At about 2,600m above sea level we reach the snow line. We debate the need for crampons and decide against, because the white stuff here is nice and compacted. What is required, however, is concentration because the path is narrow and exposed. One careless footstep could result in a tumble down the mountainside. For that reason, Dawson gives me an ice axe and we go through various axe arrest positions designed to break your fall if you lose your footing.
By now the peaks rising before us are covered in a serene blanket of untouched snow, and we can see the refuge up ahead where we’ll be spending the night. The final hour of the day is the hardest, with my heart rate soaring and the temperature plummeting. It’s about -8°C as we shuffle into the Mouflons refuge with the sun setting. The dorm rooms and beds are basic but clean and after a day of walking uphill, any flat comfy surface feels like luxury.
TAKE MY BREATH AWAY
Our plan is to set off for the summit at about 8am. Some groups choose to leave the refuge pre-dawn but that means you end up ascending the mountain with headtorches. You might beat the crowds but you also miss out on some of the spectacular views.
As we begin our assault on the summit the conditions are perfect and there’s a beautiful soft light hitting the mountainside. Today does call for crampons, but we’ve left most of our kit at the refuge so we’re travelling light. It’s not a technical ascent but it still pays to use an ice axe to steady your progress. The trick is to hook the axe into the hillside so you use it as an improvised walking stick. In fact, so many people have walked up there before us that there are almost a series of ice steps to guide your path.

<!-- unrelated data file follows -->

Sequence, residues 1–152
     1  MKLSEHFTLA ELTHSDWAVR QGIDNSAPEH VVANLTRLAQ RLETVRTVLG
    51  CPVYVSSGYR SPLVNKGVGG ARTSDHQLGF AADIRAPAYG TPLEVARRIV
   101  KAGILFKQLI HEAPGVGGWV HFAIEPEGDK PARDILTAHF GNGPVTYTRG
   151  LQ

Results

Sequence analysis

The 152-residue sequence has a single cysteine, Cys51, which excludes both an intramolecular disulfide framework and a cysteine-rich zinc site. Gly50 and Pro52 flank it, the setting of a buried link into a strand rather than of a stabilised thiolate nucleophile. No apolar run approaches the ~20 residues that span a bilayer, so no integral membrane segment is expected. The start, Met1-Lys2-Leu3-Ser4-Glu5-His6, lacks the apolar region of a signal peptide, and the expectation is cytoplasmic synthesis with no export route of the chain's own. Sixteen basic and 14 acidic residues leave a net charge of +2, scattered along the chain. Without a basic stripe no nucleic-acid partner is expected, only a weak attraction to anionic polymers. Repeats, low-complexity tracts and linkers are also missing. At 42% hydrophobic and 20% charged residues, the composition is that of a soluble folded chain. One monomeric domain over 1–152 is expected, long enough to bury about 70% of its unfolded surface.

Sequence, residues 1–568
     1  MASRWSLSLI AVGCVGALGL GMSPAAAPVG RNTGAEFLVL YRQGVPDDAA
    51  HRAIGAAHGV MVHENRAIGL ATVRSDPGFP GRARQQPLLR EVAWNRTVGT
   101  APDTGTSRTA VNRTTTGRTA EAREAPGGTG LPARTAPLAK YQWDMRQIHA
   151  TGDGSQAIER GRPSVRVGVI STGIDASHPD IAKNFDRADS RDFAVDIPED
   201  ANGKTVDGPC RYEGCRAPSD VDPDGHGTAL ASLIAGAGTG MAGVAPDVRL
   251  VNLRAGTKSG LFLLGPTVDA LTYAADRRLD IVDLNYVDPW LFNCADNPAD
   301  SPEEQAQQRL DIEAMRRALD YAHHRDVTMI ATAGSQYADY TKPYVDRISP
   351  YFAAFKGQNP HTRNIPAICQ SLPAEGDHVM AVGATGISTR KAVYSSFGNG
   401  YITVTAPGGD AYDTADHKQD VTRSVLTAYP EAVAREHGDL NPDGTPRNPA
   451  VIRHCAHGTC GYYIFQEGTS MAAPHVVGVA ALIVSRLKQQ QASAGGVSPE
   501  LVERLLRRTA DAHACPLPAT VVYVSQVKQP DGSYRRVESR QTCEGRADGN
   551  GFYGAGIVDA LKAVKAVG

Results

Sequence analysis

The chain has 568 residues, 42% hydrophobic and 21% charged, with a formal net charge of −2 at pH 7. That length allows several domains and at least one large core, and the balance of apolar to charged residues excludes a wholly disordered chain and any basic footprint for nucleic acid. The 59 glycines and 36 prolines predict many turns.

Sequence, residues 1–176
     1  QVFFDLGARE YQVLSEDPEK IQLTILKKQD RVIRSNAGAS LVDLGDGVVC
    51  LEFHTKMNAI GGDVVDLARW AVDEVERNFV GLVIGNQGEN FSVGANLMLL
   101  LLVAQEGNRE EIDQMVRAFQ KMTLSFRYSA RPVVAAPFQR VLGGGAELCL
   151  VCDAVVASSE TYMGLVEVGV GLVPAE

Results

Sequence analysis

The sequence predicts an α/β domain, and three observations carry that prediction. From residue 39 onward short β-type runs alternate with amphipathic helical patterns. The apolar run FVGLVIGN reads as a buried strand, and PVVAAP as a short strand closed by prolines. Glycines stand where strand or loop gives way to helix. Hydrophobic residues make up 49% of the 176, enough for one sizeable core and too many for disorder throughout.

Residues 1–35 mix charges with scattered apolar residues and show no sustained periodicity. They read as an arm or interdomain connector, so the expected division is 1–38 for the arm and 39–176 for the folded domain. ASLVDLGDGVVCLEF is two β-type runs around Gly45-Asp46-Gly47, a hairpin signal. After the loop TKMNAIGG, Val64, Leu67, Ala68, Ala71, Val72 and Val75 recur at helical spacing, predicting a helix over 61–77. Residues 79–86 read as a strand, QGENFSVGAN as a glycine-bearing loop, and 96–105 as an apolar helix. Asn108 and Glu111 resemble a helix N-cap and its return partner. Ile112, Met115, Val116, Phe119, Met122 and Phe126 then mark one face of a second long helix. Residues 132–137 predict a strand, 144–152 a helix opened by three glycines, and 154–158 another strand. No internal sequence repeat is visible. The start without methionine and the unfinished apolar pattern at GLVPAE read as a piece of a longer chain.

We’re approaching the end of a long snow-covered scree slope that looks like it’s the summit, but when we get to top of the section there’s an extra zigzag climb to the top. Ordinarily that false finish would be demoralising but you’re rewarded with an astonishing view of the Atlas mountains. If you had any extra breath that sight would take it away but it’s now -15°C and the air is dry and thin.
The final section involves a mini-break about every ten paces. Eventually we reach the summit and, suddenly, with a celebratory bar of chocolate in hand, it feels incredibly calm and peaceful. Then the elements decide we’ve had it too easy and the sky begins to darken as clouds form above us.
Going down is significantly easier, and we use a runningsliding hybrid to “ski” down over the snow and scree that gets us back to the refuge in an hour. As well as eating lunch there, we do a series of mobility and stretching drills. Some brave individuals are attempting another summit but we opt for an afternoon of relaxation at the refuge before a final night in the mountains.
The following morning a sense of achievement seems to give each step on the gentle decline back to Imlil extra energy. Stepping off the plane in the UK, on the other hand, brings MF back to reality. It’s hard to believe that just 24 hours earlier I was in the rugged and dramatic north African wilderness.
“Been anywhere nice?” the taxi driver asks. Well…